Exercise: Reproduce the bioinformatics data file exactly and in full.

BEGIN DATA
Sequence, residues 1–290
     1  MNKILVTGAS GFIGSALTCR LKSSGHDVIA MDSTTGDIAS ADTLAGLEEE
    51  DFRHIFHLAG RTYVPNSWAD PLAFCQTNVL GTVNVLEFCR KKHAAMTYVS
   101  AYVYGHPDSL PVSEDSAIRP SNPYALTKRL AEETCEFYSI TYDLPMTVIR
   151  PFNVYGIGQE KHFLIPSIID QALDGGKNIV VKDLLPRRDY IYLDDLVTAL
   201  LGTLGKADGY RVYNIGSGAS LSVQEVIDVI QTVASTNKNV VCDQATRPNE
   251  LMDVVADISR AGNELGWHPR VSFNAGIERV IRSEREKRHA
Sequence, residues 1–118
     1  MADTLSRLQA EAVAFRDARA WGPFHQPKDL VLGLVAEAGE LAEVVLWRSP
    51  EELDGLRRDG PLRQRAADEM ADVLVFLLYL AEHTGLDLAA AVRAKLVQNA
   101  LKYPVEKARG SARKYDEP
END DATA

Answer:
Sequence, residues 1–290
     1  MNKILVTGAS GFIGSALTCR LKSSGHDVIA MDSTTGDIAS ADTLAGLEEE
    51  DFRHIFHLAG RTYVPNSWAD PLAFCQTNVL GTVNVLEFCR KKHAAMTYVS
   101  AYVYGHPDSL PVSEDSAIRP SNPYALTKRL AEETCEFYSI TYDLPMTVIR
   151  PFNVYGIGQE KHFLIPSIID QALDGGKNIV VKDLLPRRDY IYLDDLVTAL
   201  LGTLGKADGY RVYNIGSGAS LSVQEVIDVI QTVASTNKNV VCDQATRPNE
   251  LMDVVADISR AGNELGWHPR VSFNAGIERV IRSEREKRHA
Sequence, residues 1–118
     1  MADTLSRLQA EAVAFRDARA WGPFHQPKDL VLGLVAEAGE LAEVVLWRSP
    51  EELDGLRRDG PLRQRAADEM ADVLVFLLYL AEHTGLDLAA AVRAKLVQNA
   101  LKYPVEKARG SARKYDEP